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Look: Up in the Photoshop! It's Super Resolution!

Just when you want out of Adobe's licensing model, they pull you back in with an amazing new feature. This time, it's a machine learning AI-powered upscaling known as Super Resolution. And yes, it's also coming soon to a Lightroom near you.

Artificial intelligence and machine learning have become all the rage lately, but I'll admit it. I did not see this one coming. As you may know, Adobe Sensei, the company's branding for their AI platform, has been making appearances in several Adobe products in the past few releases. For our discussion here, you may be most familiar with it as the power behind "Enhance Details," Adobe's clever method of improving on traditional raw demosaic algorithms.

Digital cameras see in black and white only. Still, a system of colored filters arrayed atop the sensor grid records discreet green, red and blue pixel readings that can be combined later with neighboring values to synthesize a colored image. Standard methods work reasonably well when processing areas with even gradients but have increasing difficulty with fine details and high-contrast edges. If the next pixel over is supposed to be a completely different color, it doesn't help to factor both together for the final image. Doing so results in soft edges, false color, and other aberrations that would be best avoided. Think about the problem along the border of an image where neighbor data doesn't even exist on all sides.

Companies have been searching for a way to solve this problem for years now. Whoever can coax the most detail from a given raw capture wins the race. Usually, the edge goes to the camera manufacturer's raw converter since they have the hometown advantage. But the stakes are high, and the competition is fierce.

Back in 2019, Adobe upped the ante with "Enhance Details" in Photoshop Camera Raw and Lightroom. The feature employed machine learning in something called an "extensively trained convolutional neural network (CNN)." Never mind exactly what that means because what it means is improved resolution from raw images. While it did require a fair bit of compute power to perform this magic, it worked quite well if you had the horsepower. It also wouldn't work on older operating systems as it depended on code only present in Windows 10 build 1809 and Mac OS 10.13 or later. Also, note that since Enhance Details works via improved interpolation, they only work on raw captures. Even though you can edit jpeg images in ACR to some extent, these options are not applicable.

Over the couple of years since then, the engineers at Adobe have been hard at work coming up with even more ways to use their Sensei framework. Shipping with Camera Raw 13.2, something dubbed "Super Resolution" is now available. And it will also be released soon for both Lightroom and Lightroom Classic to make everyone happy. We all want higher resolution.

The first thing to be aware of with this new release is that Adobe has renamed "Enhance Details" as "Raw Details" since it depends directly on interpolating raw images. Super Resolution is similar in that it can be found in Camera Raw, not directly in Photoshop, but it will work on any image. If you open a raw file, Photoshop will automatically use Camera Raw. To open other image formats in ACR, you can do so from Photoshop or Adobe Bridge.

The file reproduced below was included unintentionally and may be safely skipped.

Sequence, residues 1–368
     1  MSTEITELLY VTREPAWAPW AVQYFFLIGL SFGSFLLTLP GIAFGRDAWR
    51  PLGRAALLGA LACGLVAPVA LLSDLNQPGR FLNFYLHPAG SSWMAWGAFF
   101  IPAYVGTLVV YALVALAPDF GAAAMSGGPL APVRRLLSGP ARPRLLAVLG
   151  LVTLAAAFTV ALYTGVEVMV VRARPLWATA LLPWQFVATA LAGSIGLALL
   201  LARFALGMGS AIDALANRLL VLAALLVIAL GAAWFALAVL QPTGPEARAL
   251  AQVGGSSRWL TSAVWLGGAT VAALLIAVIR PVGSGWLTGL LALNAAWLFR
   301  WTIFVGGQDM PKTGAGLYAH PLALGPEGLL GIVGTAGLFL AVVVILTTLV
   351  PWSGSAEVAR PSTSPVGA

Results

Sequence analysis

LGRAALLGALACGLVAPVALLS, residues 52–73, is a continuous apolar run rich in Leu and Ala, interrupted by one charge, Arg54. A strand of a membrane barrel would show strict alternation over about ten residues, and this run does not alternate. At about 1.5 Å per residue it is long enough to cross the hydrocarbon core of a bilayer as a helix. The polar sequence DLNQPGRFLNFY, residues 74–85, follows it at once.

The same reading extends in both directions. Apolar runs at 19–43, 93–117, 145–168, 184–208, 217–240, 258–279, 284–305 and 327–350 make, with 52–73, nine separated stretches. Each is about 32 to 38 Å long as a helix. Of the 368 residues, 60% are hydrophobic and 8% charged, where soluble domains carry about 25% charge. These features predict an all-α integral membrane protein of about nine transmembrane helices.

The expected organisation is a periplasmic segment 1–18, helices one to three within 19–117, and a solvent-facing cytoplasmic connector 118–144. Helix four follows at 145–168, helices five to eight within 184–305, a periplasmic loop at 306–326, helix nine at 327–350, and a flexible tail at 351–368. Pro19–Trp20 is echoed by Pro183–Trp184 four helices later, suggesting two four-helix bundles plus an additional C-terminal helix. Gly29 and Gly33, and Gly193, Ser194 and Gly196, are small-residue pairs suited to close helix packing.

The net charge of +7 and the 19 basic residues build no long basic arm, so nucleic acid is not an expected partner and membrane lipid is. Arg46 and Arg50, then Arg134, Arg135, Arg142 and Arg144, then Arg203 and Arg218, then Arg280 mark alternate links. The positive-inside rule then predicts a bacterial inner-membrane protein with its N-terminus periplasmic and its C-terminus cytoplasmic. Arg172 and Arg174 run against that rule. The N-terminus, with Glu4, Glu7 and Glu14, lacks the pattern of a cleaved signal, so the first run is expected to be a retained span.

Super Resolution upsizes any image to quadruple the resolution at the touch of a button. Even if you start with a low-resolution jpeg from your phone, you can make it look almost like you shot it with a more expensive DSLR. The function uses machine learning AI to upscale images while preserving clean edges and detail without introducing artifacts.

Start with a one-megapixel image, and you'll end up with four. Run it on a twelve, and it will give you forty-eight. And yes, if you own a Nikon D850 like I do, its 45.7 megapixels will yield over 180 megapixels. Of course, you will need a reasonably beefy machine to handle such stratospheric heights of resolution. Computer companies keep making faster machines, and software companies keep coming up with ways to use all that power. That seems like an equitable arrangement to me.

Adobe developed the model by training it with millions of pairs of low and high-resolution images of the same small area. From this, it learned how to upscale the lower resolution ones to match the higher counterparts closely. They used a large sample covering a wide variety of subjects, particularly "complicated" ones, so the resulting code can handle almost anything you throw at it.

The Super Resolution output will be a new DNG file with a name based on the one you used. It does not directly alter your original. Although I haven't put such limits to the test, Adobe says the process is currently limited to images with a maximum size in any dimension of 65,000 pixels and a maximum of 500 megapixels in size. But fear not, they're working on letting you go even bigger.

Although the process will work on any image format supported by Camera Raw, Adobe recommends working from raw files for obvious reasons. You want as much starting data as possible, and interpolation to other image types is inherently lossy.

Regardless, make sure your computer's GPU is up to the task unless you like waiting. If you're in the market for a new computer, look for one with a GPU optimized for Windows ML or Apple CoreML machine learning technologies. You know Adobe won't be standing still. Although I can't imagine the details, you know they're hard at work further leveraging AI and machine learning.

AI and ML are the wave of the future. To coin a phrase: Up, up, and away!

Date posted: March 14, 2021


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